But actually the body is imposing suffering in this manner, it does not remain youthful and vigorous, it distresses by growing old and by decaying, and it distresses by dying. Without the body, one would be free from afflictions of getting grey hairs, fallen teeth, bent hunch back, deafness, poor eye-sight, and wrinkled skin infirmity. The body is therefore inflicting these sufferings. Again, because of the body, one is troubled with sore-eye, earache, tooth-ache, back-ache, flatulence, feeling hot, cold, painful, itching, diseases of blood, skin, stomach, urine or with high blood pressure, etc. These ailments arise because of the body through which they make their manifestations. We suffer from hunger and thirst because of the body, and because of it, we are subjected to be attacked by mosquitoes, insects, or afflictions by other oppressors. Suffering in the states of miseries and woes are also due to the body.

In short, one suffers from all these various ailments and afflictions because of the existence of the body. It is, therefore, the body whose function is to bring about distress and impose suffering. In addition, the body is responsible for the phenomenon of death in the human existence. When the material qualities in the body undergo deterioration and decay, death occurs. Therefore it may be said that the body inflicts suffering by causing death. Thus we can reflect that if the body were self, it would not inflict us with sufferings of old age, disease, and death. One usually causes sufferings to others, but not on oneself.

Therefore, if the body were self or the inner core, it should not inflict suffering on itself by bringing about old age, etc. Furthermore, even before the onset of old age, disease, and death, the body is subjecting to various distresses. A young person, although he is free from ailments and enjoys good health, cannot remain long in any of the body postures such as sitting, standing, or walking. He has to change his postures quite often. It is within the experience of all of us that we cannot remain for as long as we wish in any body posture. We find it difficult to remain seated for half an hour or one hour without changing the posture or lie down for two or three hours. Constant changing of postures is necessitated by feelings of hotness or tiredness in the limbs after a certain amount of time in one position. All these distresses arise because of the body. In other words, it is the body that is inflicting these distresses.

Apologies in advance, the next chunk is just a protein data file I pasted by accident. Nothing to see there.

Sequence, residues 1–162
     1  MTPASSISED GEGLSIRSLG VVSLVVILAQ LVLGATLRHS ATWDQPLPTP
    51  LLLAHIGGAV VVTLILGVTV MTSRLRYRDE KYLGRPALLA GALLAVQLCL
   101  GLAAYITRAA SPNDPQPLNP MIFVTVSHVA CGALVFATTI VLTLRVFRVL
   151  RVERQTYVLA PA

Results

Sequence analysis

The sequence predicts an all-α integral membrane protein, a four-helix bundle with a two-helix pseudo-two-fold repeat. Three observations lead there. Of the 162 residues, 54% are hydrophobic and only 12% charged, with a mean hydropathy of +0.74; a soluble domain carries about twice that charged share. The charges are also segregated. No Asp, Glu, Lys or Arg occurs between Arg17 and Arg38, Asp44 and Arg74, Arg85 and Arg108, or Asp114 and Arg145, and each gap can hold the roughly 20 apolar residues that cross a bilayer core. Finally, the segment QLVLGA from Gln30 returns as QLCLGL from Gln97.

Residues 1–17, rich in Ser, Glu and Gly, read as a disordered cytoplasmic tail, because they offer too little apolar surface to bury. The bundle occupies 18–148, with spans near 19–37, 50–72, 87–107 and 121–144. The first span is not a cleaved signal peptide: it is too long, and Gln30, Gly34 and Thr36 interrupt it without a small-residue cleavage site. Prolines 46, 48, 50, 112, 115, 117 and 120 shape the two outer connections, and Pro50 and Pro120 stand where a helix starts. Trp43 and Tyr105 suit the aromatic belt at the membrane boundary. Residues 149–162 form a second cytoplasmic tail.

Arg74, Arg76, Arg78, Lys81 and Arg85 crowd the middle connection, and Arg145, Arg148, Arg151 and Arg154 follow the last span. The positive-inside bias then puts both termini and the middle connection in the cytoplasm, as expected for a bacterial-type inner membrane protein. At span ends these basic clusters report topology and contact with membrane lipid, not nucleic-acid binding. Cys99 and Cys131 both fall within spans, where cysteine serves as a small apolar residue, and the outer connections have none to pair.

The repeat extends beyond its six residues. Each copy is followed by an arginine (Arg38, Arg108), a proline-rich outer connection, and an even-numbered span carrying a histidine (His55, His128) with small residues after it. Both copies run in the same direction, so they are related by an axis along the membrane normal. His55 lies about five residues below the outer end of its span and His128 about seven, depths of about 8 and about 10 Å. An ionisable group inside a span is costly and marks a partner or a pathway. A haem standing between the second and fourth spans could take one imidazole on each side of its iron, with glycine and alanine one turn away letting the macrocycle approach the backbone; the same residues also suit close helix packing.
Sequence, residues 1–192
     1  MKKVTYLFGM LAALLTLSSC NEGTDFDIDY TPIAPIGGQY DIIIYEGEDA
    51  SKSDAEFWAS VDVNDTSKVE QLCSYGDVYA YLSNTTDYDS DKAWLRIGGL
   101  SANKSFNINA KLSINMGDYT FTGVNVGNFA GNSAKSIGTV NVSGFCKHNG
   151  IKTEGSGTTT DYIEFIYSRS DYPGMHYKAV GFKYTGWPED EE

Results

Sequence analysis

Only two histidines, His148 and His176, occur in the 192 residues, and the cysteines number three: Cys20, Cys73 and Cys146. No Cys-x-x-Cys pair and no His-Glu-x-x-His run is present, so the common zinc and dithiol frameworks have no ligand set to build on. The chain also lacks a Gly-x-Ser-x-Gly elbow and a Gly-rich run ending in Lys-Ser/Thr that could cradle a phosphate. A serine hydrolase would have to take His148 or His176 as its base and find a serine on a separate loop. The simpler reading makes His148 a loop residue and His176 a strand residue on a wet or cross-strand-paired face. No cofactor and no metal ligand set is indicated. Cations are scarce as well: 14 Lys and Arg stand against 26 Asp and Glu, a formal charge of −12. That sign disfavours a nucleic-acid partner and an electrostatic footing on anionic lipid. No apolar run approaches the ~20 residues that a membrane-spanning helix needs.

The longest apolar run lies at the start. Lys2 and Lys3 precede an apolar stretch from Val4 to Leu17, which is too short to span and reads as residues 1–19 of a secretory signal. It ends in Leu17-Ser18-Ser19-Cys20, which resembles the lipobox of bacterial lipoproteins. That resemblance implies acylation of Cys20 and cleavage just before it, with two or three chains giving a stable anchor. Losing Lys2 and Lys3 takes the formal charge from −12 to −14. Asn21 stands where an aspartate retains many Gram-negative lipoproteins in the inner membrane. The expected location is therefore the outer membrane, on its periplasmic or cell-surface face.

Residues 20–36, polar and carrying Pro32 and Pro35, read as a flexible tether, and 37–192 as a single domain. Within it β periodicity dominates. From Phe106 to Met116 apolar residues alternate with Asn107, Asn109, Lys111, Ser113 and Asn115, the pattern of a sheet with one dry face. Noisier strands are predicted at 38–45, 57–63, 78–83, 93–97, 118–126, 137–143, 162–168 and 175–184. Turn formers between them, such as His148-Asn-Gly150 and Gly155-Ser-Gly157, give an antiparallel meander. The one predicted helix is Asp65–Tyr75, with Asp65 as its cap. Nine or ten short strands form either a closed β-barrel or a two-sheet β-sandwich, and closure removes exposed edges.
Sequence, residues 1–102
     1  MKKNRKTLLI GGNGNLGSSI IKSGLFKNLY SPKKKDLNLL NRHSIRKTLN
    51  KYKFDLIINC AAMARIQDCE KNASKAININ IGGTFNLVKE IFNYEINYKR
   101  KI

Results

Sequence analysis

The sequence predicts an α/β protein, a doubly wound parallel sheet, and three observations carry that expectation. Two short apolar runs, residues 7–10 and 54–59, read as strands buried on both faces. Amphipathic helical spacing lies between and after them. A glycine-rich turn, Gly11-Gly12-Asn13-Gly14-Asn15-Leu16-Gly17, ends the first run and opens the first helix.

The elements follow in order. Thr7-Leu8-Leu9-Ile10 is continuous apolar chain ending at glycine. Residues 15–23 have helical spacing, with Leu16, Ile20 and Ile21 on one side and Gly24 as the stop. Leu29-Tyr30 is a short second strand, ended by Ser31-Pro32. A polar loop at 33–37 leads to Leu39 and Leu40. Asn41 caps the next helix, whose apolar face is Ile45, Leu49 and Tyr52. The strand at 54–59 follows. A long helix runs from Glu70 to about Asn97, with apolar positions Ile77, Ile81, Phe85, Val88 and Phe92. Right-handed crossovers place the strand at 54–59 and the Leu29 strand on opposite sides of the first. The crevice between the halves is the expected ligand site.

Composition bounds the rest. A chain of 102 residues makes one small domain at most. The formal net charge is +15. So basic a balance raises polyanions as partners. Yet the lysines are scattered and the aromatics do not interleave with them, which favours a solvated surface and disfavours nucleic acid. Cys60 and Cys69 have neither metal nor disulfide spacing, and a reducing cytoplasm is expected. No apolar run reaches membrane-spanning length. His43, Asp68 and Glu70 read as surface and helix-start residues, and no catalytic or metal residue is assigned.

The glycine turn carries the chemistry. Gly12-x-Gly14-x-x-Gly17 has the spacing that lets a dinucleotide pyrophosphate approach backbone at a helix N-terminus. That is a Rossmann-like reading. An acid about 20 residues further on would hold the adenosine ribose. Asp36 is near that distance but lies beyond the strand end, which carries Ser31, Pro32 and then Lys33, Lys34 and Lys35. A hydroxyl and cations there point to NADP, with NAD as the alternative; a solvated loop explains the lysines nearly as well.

Thus one may reflect that if the body were self, it would not impose these sufferings on one.

THE BODY IS NOT SUBJECT TO ONE'S WILL

Furthermore, it is stated,

"If the body were self, the inner core, it should be possible to say of the body, 'let the body be thus (in the best of conditions), let the body not be thus (in the worst of conditions).'"

Truly, one should be able to exercise one's will on the body if it were one's self. All beings desire to have their material body youthful and healthy in appearance, and to keep it away from old age, illness, and deterioration resulting in death. But the material body is never obliging, it refuses to be subject to one's will. Its fresh youthfulness fades into aged debility and its robust health declines against one's will, resulting in illness, disease, and finally in dissolution and death. Thus the body is not amenable to one's control and not manageable according to one's wish.

The Blessed One pointed out, therefore, that the body is not one's self or the inner core of one's body. Let us briefly restate the meaning of the Pali passage quoted above:

"Bhikkhus, the body is not self; if it were self, it would not inflict suffering. And it should be possible to say of the body, "Let the body be thus (in the best of conditions), let the body not be thus (in the worst of conditions). If the body were self, the inner core, there would be no infliction of suffering on oneself, and it should be possible to subject it to one's will.

The fact of the matter is that the body is not self or one's inner core. Hence, it inflicts suffering on one and refuses to be controlled. The Blessed One continued to further explain this fact.

DIRECT EVIDENCE OF HOW THE BODY IS NOT SELF

It is not possible to influence and manage the the body. In reality, the body is not self or one's inner core. Hence, the body oppresses with old age, disease, etc. Furthermore, it is not amenable to one's management and control. To reiterate, in reality the body is not self or one's inner core. Since it is not self, this the body tends to affliction and distress. It is not possible to manage and control the body by instructing, 'Let it be thus (in the best of conditions), let it not be thus (in the worst of conditions).'



 

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" The mind is difficult to see, very delicate and subtle; it moves and lands wherever it pleases. The wise one should guard his mind, for a guarded mind brings happiness. "

The Dhammapada